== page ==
Home – New Forums Logistics Australian companies have items posted from overseas to avoid GST Reply To: Australian companies have items posted from overseas to avoid GST

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l0nglive
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Hatching_It, post: 214640, member: 53049 wrote:
I’d suggest having proof of such a claim before writing it on the Internet…

Kogan Australia have used eWAY Australia to process their card transactions almost since they started – eWAY Australia only processes transactions through Australian merchant accounts, which are only issued to Australian businesses and settle in to Australian bank accounts.

I’d suggest that the reason for Kogan HK existing would be more to do with logistics rather than tax evasion.. They’ll have warehousing and dispatch set up over there which they can no doubt do cheaper themselves rather than pay a third party company.

There are also advantages in document fees if you’re importing all your products on one invoice, vs lots of different invoices from different suppliers but I as was mentioned above I’m pretty sure Kogan don’t hold anything locally.

Yes, Logistic can be a reason. However, they in fact, do not collect GST. Two birds with one stone I guess. I understand that Anon should not make assumption how things work without evidences, but we never have such evidences from the net.

What I’m trying to do, is to figure out how an AUS business who takes orders from Australians throw Australian banks and merchant services could avoid GST.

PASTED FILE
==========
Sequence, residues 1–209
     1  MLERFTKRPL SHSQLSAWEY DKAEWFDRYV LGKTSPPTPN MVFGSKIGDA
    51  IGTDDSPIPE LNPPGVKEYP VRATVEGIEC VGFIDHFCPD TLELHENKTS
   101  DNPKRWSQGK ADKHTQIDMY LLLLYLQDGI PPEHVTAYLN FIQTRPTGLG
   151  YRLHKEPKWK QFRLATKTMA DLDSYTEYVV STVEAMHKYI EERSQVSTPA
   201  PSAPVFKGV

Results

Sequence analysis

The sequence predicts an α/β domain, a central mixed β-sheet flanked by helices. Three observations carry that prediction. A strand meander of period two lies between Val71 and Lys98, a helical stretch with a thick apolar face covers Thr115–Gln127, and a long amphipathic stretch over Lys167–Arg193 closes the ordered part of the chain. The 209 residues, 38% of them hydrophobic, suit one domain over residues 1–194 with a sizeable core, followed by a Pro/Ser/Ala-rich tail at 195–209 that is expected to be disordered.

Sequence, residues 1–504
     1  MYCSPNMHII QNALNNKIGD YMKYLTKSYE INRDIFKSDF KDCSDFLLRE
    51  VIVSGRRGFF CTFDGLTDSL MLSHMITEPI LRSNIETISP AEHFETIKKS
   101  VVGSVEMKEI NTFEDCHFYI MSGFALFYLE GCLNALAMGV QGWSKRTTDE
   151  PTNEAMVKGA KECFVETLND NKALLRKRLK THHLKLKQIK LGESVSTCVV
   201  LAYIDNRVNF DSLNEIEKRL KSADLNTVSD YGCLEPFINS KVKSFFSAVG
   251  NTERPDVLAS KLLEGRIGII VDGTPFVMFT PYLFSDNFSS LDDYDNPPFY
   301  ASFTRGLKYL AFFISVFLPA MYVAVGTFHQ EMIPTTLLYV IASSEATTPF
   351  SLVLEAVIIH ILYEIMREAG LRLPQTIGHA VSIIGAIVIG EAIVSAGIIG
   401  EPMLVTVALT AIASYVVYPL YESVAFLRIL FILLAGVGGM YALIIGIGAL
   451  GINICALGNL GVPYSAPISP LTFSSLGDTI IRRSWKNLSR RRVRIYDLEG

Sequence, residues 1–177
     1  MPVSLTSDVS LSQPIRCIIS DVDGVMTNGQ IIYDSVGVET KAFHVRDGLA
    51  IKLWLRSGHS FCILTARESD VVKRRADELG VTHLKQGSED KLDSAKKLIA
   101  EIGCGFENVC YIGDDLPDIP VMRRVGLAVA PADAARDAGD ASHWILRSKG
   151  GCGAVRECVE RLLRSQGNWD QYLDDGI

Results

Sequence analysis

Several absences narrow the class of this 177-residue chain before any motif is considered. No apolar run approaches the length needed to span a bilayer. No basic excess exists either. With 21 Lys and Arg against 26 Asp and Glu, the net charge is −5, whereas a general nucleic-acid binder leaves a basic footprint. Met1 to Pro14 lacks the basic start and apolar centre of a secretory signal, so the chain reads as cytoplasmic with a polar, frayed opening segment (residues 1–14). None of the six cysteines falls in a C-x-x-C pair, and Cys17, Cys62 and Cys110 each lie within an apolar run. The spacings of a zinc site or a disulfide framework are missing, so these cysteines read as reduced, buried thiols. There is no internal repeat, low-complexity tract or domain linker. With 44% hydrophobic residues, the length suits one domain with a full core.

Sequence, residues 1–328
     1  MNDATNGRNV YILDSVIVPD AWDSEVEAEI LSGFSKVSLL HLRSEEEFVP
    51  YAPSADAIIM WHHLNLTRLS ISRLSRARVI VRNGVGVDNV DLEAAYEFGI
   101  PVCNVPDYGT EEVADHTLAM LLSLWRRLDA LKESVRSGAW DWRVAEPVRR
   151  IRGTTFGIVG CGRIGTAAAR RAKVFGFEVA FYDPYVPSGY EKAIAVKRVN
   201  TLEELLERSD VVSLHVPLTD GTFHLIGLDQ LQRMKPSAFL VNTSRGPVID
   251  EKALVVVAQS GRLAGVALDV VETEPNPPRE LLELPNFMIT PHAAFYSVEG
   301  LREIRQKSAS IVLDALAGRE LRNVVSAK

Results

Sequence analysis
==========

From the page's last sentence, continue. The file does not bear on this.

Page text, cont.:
I can hypothesize that Kogan AUS take orders, bill and invoice customers. Then they source products from a foreign company (can be a related party) to ship directly to customers. That would fit the example I quote from ATO website

“Example 8 – Goods supplied by resident supplier and imported by resident recipient

130. Joe decides to fit his car with specialised seat covers. He approaches Seat Co in Sydney to supply the seat covers. However, the seat covers have to be imported from Italy. Under the arrangements with Seat Co, Joe imports the seat covers into Australia and pays Seat Co for the goods once the seat covers are cleared through Customs. The supply of goods, specialised seat covers by Seatco to Joe, is not connected with Australia because the goods are not delivered, or made available to Joe, in Australia. However, Joe makes a taxable importation upon which GST is payable.38″

Lets paraphrase it

130. Customer Joe decides to buy a smartphone. He approaches Kogan in Melb to supply the phone. However, the phone have to be imported from HongKong. Under the arrangements with Kogan, Joe imports the phone into Australia and pays Kogan for the goods once the phone is cleared through Customs. The supply of goods, phone by Kogan to Joe, is not connected with Australia because the goods are not delivered, or made available to Joe, in Australia. However, Joe makes a taxable importation upon which GST is payable. “

(this case, it’s below 1000$ -> no tax for JOe. Goods not connected to AUS -> no tax for Kogan)

Make sense to me.